Press statement

India’s Commerce Minister pledges continued availability of high quality generic drugs

Use of TRIPS flexibilities, including compulsory licensing and rejection of data exclusivity clauses, in trade agreements by India to ensure sustained access to life-saving medicines for people living with HIV

India’s Commerce Minister Mr Anand Sharma (left) met with UNAIDS Executive Director Mr Michel Sidibé at the Ministry of Commerce and Industry on 6 July 2011.
Credit: Sarabjeet Singh

NEW DELHI/GENEVA, 6 July 2011—UNAIDS welcomes the assurance given by India’s Commerce Minister, Mr Anand Sharma, that India will reject any efforts to include ‘data exclusivity’ clauses in bilateral trade agreements. This assurance came at a meeting between Mr Sharma and UNAIDS Executive Director Michel Sidibé, held today at the Ministry of Commerce and Industry.

“We reject data exclusivity clauses in free trade agreements,” said Mr Sharma. Welcoming the Minister’s assurance, Mr Sidibé said: “Millions of people will die if India cannot produce generic antiretroviral drugs, and Africa will be the most affected. For me, it is an issue of life or death.”

India’s pharmaceutical industry produces more than 85% of the first-line antiretroviral drugs used to treat people living with HIV. The cost of the least expensive first generation treatment regimen has dropped to less than US$ 86 per patient per year. But as increasing numbers of people move towards more efficacious and tolerable first-line treatment, drug prices could double compared to first-generation regimens. In addition, as patients develop drug resistance and require more expensive and patent-protected second- and third-line antiretroviral medicines, some projections indicate treatment costs escalating by as much as twenty-fold.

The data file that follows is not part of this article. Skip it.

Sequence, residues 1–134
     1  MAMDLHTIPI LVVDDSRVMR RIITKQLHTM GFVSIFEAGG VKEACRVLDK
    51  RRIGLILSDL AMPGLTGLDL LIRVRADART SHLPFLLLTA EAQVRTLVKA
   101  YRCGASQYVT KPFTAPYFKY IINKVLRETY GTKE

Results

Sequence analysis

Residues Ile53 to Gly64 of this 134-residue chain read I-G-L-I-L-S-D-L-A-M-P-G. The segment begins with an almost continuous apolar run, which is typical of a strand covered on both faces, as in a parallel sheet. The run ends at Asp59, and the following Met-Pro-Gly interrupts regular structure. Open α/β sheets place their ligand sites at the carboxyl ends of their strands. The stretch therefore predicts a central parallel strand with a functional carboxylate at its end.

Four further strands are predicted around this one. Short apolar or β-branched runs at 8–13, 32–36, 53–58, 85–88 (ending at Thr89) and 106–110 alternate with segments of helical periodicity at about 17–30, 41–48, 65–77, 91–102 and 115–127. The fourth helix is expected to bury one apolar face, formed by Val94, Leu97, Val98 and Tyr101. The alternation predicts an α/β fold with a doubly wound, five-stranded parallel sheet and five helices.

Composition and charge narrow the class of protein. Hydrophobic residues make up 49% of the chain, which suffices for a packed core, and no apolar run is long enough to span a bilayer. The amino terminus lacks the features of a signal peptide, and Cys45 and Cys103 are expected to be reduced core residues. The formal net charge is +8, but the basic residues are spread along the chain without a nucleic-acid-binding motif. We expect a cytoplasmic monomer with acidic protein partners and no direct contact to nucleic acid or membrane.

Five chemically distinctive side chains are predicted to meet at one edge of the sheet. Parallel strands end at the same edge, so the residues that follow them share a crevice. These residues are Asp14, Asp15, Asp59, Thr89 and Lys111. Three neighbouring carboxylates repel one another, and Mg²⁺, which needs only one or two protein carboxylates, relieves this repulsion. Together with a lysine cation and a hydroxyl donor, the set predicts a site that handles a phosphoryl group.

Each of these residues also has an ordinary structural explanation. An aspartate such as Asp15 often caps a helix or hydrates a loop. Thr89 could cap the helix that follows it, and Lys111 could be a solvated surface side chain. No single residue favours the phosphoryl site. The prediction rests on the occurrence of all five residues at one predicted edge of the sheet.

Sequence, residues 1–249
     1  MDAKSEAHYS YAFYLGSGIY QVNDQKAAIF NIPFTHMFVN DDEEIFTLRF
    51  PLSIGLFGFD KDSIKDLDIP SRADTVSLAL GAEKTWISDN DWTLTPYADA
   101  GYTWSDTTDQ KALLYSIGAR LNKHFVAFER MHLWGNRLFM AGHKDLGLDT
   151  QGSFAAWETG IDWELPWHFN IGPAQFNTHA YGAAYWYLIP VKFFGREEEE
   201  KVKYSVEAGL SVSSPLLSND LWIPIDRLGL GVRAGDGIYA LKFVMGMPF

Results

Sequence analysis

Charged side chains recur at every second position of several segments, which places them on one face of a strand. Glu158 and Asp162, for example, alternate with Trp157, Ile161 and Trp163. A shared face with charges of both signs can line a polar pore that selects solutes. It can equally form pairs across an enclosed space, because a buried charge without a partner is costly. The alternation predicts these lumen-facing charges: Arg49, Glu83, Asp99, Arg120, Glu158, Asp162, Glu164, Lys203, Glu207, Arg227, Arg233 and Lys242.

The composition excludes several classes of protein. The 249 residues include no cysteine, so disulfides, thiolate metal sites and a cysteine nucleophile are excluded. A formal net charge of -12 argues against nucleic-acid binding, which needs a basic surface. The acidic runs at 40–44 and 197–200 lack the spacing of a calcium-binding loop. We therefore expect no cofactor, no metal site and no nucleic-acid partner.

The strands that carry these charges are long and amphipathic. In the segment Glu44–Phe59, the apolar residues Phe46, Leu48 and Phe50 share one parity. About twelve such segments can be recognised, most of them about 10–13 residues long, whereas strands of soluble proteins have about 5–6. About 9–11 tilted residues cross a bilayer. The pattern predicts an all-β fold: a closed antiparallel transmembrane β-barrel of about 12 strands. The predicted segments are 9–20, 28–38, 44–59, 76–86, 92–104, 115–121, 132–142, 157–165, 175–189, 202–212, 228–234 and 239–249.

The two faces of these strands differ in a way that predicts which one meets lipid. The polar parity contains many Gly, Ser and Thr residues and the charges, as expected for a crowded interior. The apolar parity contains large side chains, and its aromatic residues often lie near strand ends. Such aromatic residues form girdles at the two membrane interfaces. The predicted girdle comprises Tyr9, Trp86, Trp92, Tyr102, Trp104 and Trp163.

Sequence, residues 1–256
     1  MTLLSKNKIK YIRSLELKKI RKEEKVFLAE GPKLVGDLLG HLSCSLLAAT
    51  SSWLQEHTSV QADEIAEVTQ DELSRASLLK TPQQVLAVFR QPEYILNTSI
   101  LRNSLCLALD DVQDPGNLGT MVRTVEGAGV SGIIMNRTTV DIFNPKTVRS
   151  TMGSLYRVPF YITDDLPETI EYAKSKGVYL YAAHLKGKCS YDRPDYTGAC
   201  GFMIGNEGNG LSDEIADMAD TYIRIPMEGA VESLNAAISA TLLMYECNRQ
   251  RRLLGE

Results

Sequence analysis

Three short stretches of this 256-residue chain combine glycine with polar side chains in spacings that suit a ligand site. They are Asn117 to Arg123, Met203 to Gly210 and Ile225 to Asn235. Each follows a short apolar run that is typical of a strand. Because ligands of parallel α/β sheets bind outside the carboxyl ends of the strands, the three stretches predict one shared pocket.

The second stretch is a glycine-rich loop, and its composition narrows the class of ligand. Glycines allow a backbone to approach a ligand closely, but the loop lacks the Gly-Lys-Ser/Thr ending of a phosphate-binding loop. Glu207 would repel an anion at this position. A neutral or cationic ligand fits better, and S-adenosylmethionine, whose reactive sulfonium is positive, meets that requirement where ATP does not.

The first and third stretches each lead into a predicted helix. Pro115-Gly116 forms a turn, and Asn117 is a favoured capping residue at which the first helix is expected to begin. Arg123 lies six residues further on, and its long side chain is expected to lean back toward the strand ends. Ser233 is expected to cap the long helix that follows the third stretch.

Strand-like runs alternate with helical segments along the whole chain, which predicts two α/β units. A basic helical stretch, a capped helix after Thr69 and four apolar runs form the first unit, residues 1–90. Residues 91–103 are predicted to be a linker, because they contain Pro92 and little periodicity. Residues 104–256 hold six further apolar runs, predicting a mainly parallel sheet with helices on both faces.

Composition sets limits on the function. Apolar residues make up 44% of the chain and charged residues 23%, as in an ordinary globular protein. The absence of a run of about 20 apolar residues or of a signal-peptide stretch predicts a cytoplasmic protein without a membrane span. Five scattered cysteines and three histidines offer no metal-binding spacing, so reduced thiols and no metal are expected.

“The Government of India reaffirms its full commitment to ensure that quality generic medicines, including antiretroviral drugs, are seamlessly available, and to make them available to all countries,” said Mr Sharma. “India will also use the flexibilities allowed under TRIPS, including the use of compulsory licensing, to ensure that people living with HIV have access to all life-saving medicines,” Mr Sharma added.

“India, together with Brazil, South Africa, China and Russia, must forge an alliance with other high-income countries to ensure that no single person in the world dies because they could not afford to buy life-saving medicines or health care,” Mr Sidibé said.

An estimated 15 million people are eligible for antiretroviral treatment in low- and middle-income countries, and about 6.6 million people have access to HIV treatment. The Government of India provides free antiretroviral treatment to more than 420 000 people living with HIV in India.

Current treatment approaches are not sufficient to provide access to all who need it. UNAIDS and other partners advocate for Treatment 2.0—a framework that seeks to simplify the way treatment is currently provided. For this approach to succeed, TRIPS flexibilities as well as innovation and protection of intellectual property rights will play an important role for treatment access in the future.

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Saira Stewart
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